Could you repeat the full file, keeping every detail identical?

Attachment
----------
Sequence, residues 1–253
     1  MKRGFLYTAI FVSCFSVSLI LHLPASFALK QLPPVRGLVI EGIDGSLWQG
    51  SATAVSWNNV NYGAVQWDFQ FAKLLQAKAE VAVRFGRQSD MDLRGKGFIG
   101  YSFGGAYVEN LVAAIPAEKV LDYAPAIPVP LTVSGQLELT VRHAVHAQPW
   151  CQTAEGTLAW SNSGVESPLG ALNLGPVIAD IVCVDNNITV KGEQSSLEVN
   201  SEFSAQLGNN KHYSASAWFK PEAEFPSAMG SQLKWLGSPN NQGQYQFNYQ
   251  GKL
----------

Sequence, residues 1–253
     1  MKRGFLYTAI FVSCFSVSLI LHLPASFALK QLPPVRGLVI EGIDGSLWQG
    51  SATAVSWNNV NYGAVQWDFQ FAKLLQAKAE VAVRFGRQSD MDLRGKGFIG
   101  YSFGGAYVEN LVAAIPAEKV LDYAPAIPVP LTVSGQLELT VRHAVHAQPW
   151  CQTAEGTLAW SNSGVESPLG ALNLGPVIAD IVCVDNNITV KGEQSSLEVN
   201  SEFSAQLGNN KHYSASAWFK PEAEFPSAMG SQLKWLGSPN NQGQYQFNYQ
   251  GKL